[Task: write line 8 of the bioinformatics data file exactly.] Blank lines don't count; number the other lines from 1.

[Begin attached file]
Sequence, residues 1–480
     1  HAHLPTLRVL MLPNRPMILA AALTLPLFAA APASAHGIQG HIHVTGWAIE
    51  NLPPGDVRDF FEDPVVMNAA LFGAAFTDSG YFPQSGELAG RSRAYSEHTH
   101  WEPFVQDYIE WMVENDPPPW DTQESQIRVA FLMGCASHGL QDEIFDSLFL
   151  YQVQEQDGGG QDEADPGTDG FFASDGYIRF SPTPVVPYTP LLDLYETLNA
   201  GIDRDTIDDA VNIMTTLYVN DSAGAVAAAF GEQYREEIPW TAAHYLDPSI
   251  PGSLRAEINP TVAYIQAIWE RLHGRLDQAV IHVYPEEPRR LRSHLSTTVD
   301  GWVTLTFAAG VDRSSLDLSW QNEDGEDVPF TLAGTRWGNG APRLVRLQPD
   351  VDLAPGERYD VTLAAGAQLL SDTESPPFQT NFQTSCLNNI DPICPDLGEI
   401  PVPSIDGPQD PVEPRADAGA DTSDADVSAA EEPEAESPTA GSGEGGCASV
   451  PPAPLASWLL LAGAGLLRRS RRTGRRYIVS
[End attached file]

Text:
   301  GWVTLTFAAG VDRSSLDLSW QNEDGEDVPF TLAGTRWGNG APRLVRLQPD